With the October 1 deadline looming, is a U.S. government shutdown inevitable? And what effect would this have on the economy across various sectors? Yahoo Finance spoke to experts around the industry to determine the potential impact for businesses, air travel, healthcare, and more.
Maya MacGuineas, President of Committee for a Responsible Federal Budget, thinks that the government shutdown “is not nearly as dramatic as people expect.” MacGuineas notes that the biggest effect will be felt by nature enthusiasts as “national parks may well shut down.”
The government shutdown could have a significant impact on the air travel industry. Boyd Group International President Mike Boyd said, “The real issue is long-term. It’s the day-to-day regulation that the FAA has over airports, airlines, and also aircraft manufacturers.”
Dr. Nahid Bhadelia, Founding Director at Boston University Center for Emerging Infectious Disease, believes that the immediate impact could be felt by programs such as SNAP and WIC. Dr. Bhadelia explained, “If the shutdown continues you’re seeing the most vulnerable people at risk.”
Dr. Zeke Emanuel, Chair of the Department of Medical Ethics and Health Policy at the University of Pennsylvania, broke down the immediate and long-term impact a government shutdown could have on the U.S. healthcare system. Dr. Emanuel said, “That of course is going to impact clinical research. It’s going to impact the flu and Covid. It’s going to impact the FDA’s ability to oversee various parts of their mandate including food safety.”
The government shutdown could pose a significant threat to the Federal Emergency Management Agency’s (FEMA) disaster relief operations. Former FEMA Administrator Craig Fugate explained, “Of the 5,000 workforce, that could be 90 percent of the folks at home … not supporting the disaster response teams.”
Congressional Budget Office Director Doug Holtz-Eakin explained what a government shutdown means in terms of delayed operations across various sectors. Holtz-Eakin said, “There’s just a slew of basic government services … which will interfere with the conduct of normal economic and personal affairs.”
00:00:03 – President of Committee for a Responsible Federal Budget Maya MacGuineas
00:00:26 – Boyd Group International President Mike Boyd
00:00:58 – Founding Director at Boston University Center for Emerging Infectious Disease Dr. Nahid Bhadelia
00:01:16 – Chair of the Department of Medical Ethics and Health Policy at the University of Pennsylvania Dr. Zeke Emanuel
00:01:49 – Former FEMA Administrator Craig Fugate
00:02:10 – Congressional Budget Office Director Doug Holtz-Eakin
MAYA MACGUINEAS: It’s not nearly as dramatic as people expect because most of the government’s funded not through these appropriations but through mandatory spending. And of this discretionary spending, much of it is declared to be essential, which means things still go on. So the Department of Defense will be operating. The biggest example is always– and this stinks if you’re going to a national park. But national parks may well shut down.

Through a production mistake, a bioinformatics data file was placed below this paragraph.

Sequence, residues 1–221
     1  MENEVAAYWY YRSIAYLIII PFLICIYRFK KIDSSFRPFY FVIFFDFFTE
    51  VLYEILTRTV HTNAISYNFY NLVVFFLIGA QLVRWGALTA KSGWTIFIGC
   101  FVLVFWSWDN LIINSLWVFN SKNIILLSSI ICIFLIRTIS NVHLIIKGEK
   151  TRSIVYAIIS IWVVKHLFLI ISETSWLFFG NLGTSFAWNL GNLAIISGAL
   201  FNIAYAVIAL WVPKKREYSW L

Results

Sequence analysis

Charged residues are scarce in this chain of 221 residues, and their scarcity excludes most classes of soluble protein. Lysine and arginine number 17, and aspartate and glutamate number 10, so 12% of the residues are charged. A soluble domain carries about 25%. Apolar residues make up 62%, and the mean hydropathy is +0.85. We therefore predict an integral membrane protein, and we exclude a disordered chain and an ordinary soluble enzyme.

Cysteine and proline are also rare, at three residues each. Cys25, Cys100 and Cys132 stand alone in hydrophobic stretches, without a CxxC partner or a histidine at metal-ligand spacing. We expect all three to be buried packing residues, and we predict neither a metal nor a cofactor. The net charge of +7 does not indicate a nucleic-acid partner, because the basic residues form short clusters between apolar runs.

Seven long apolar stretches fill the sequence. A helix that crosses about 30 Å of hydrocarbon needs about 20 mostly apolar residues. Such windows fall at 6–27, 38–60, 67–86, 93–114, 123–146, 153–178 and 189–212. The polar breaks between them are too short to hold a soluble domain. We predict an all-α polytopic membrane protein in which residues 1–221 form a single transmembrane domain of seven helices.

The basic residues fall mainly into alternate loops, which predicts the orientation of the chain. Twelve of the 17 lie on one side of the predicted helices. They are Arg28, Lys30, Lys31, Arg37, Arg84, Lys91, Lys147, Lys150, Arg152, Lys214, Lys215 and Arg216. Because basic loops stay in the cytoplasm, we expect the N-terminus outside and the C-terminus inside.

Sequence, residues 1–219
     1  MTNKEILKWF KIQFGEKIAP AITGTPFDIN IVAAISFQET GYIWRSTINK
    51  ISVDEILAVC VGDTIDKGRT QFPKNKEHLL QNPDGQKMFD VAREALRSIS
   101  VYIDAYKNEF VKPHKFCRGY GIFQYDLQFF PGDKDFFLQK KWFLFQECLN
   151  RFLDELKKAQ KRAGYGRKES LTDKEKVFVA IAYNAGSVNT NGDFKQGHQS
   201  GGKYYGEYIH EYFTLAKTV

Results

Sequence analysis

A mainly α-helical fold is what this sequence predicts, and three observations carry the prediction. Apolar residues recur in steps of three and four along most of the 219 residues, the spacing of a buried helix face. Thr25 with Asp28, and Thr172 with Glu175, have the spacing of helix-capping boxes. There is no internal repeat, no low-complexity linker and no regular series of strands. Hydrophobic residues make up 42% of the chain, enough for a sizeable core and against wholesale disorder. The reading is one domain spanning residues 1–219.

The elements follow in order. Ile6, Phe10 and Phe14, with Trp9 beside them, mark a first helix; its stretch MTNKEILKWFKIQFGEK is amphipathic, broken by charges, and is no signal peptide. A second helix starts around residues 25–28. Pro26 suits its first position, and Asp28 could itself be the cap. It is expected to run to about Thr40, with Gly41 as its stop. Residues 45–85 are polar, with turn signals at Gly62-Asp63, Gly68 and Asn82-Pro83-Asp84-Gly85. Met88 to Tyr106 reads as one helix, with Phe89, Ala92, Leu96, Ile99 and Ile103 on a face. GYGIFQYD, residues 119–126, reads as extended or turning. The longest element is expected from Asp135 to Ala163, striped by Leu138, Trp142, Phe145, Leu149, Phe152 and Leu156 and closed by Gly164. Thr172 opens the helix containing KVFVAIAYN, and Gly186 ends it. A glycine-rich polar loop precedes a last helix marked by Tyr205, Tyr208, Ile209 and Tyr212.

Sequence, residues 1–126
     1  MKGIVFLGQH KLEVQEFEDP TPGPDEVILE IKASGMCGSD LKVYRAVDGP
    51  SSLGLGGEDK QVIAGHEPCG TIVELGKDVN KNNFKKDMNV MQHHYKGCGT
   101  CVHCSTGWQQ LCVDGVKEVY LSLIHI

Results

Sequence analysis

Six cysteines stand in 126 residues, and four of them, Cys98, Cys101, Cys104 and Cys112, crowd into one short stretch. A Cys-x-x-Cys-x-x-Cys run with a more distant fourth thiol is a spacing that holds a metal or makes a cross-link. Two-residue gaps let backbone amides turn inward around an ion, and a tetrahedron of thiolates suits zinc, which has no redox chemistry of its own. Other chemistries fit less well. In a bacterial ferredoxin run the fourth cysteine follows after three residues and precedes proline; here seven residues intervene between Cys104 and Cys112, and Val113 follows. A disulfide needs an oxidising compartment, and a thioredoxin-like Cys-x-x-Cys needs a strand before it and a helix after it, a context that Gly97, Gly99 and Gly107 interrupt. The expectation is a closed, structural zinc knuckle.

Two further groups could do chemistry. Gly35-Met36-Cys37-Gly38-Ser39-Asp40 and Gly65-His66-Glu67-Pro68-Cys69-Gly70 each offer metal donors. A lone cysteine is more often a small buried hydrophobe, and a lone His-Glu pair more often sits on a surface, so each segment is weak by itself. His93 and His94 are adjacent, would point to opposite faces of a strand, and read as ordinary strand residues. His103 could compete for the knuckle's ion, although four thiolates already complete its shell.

MIKE BOYD: Initially, air travel will be just as inconvenient as ever. We have understaffed air traffic control systems right now. And the employees know they’re going to get paid eventually. The real issues long term is the day-to-day regulation that the FAA has over airports, airlines, and also aircraft manufacturers, where Boeing won’t be able to get that inspector to take a look at that new system they want approved. Airport in Eastern Wyoming won’t be able to get an FAA inspector to come and look at the new runway. Over a period of time, that could have a hit.
NAHID BHADELIA: Health care and public health are sort of linked. And immediately, you could see if a continuing resolution is not passed, certain programs, such as SNAP or Wick, they could use carryover funds. But if the shutdown continues, you’re seeing potentially most vulnerable people at risk.
ZEKE EMANUEL: 42% of all the workers at Health and Human Services will be furloughed. That includes about 80% of the people who work at the National Institutes of Health, the NIH. That includes about 60% of the CDC and 20% of the FDA. And that, of course, is gonna impact clinical research. It’s gonna impact the ability to monitor flu and COVID. It’s gonna impact the FDA’s ability to oversee various parts of their mandate, including food safety.
CRAIG FUGATE: The biggest problem for FEMA will be all of the permanent workforce, about 5,000 employees, will be put at risk in what they call lapse of funding if the government shuts down. You know, the 5,000 workforce, that could be, you know, 90% of the folks are at home not working their jobs and not supporting the disaster response teams.
DOUG HOLTZ-EAKIN: There’s the sort of nuisance value for everybody in the United States. You can’t renew your passport. If you need flood insurance to close on your new home, you can’t get the insurance policy. You can’t close in your home. There’s just a slew of basic government services. Exporters can’t get licenses, which won’t happen and which will interfere with the conduct of normal economic and personal affairs.